- The NBA playoffs are finally set. To celebrate, let's take a look at the postseason's 10 most intriguing players.
As of Wednesday, the regular season is over. That means it's time to press pause on whatever MVP argument you are having, look around, and take a deep breath. The playoffs are coming. To celebrate, and to help prepare, here are the 10 players I'm most interested in watching over the next few weeks and months.
Coming into this season, everyone knew this was the year that could make or break George's future in Indiana. Larry Bird knew it, too; it's why he fired Frank Vogel and looked to reinvent the team with Jeff Teague and Thad Young arriving over the summer. But none of it's really worked. George pops up with an openly miserable quote every few weeks. In February there was a "dark cloud" hanging over the team. By March he said the team had no "winning pride" and wasn't pissed off enough, although, I don't know, Paul George seems like he's pissed off enough.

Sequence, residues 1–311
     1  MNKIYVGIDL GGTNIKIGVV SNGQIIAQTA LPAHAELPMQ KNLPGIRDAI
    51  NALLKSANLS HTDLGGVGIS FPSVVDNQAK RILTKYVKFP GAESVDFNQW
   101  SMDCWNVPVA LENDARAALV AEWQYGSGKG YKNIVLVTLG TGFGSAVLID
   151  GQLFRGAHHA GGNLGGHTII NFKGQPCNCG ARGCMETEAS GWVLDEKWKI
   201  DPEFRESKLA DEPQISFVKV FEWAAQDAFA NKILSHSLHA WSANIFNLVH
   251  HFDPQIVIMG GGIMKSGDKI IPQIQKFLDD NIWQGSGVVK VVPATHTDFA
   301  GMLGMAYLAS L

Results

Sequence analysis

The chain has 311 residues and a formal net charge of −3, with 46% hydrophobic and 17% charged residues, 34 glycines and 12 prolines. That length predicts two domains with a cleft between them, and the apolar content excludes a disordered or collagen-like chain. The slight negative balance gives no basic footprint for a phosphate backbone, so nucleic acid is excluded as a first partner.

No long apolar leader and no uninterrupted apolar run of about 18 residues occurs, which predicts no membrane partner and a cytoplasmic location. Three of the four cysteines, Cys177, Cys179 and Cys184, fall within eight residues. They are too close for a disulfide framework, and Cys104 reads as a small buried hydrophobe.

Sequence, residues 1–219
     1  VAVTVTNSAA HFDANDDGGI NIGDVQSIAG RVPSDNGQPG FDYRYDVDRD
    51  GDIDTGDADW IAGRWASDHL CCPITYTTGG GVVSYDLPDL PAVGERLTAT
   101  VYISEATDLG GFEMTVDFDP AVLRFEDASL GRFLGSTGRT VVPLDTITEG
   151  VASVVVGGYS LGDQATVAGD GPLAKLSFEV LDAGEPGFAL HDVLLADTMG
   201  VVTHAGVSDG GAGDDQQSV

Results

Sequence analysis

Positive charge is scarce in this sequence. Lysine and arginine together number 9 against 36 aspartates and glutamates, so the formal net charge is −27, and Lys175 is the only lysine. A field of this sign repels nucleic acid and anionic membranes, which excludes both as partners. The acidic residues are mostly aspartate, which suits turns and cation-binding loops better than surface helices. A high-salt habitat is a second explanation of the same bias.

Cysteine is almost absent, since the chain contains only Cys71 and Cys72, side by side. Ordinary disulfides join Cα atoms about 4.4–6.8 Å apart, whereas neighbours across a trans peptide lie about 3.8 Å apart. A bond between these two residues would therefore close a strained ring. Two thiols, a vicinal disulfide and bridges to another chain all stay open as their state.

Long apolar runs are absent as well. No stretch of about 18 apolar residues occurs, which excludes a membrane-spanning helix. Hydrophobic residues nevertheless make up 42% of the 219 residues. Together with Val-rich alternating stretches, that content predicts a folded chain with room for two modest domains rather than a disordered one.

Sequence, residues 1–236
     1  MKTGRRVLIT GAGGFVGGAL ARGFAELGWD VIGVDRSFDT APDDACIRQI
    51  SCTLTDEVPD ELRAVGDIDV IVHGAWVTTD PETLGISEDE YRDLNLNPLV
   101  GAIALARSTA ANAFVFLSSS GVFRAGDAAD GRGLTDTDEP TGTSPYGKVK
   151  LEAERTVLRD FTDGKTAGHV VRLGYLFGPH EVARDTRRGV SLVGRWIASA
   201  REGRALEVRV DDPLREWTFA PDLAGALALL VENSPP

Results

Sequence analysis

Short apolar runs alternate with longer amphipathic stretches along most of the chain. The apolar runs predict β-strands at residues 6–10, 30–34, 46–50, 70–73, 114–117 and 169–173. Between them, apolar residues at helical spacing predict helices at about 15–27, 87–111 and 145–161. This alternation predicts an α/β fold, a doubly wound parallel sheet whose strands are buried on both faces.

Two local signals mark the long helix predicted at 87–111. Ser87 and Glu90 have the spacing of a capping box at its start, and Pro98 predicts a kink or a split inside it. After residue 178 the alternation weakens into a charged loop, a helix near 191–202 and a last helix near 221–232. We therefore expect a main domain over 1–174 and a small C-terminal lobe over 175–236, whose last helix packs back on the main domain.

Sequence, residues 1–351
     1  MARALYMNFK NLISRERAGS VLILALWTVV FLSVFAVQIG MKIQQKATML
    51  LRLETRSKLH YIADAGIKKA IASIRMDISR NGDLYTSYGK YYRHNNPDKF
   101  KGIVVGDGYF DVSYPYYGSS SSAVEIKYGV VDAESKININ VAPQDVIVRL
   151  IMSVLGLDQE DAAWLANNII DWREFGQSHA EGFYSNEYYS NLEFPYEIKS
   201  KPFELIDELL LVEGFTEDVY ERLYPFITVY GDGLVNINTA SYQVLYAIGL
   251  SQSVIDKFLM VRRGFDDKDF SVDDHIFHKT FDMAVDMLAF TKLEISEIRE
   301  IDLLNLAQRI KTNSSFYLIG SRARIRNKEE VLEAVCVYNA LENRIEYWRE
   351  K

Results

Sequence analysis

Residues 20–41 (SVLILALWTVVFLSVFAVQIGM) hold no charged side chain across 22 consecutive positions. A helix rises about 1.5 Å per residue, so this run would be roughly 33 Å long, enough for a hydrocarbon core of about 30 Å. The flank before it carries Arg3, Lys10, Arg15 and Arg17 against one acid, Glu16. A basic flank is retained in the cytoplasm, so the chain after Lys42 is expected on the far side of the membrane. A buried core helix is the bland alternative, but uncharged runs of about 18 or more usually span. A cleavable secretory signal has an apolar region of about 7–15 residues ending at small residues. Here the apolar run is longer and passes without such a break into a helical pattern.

On the bright side: after grinding through this frustrating year for the first five months, he's been hitting 50% of his shots since March 1. In April, he averaged 33 points and 7.6 rebounds as the Pacers closed the season with five straight wins to force their way into the playoffs. The final six weeks is probably not enough to make an All-NBA team (and allow the Pacers to pay him an extra $40 million with an extension this summer), but it's been a good reminder that George is one of the 10 best players in the entire world when he's locked in. If he were on the Celtics, for example, it would've made the entire playoffs more interesting.
So let's see how this first round matchup goes. The Cavs are a mess, but they're still the Cavs. LeBron's team is the standard that every other team can measure itself against. How far away will the Pacers look, and how will it shape what Paul George pushes for this summer?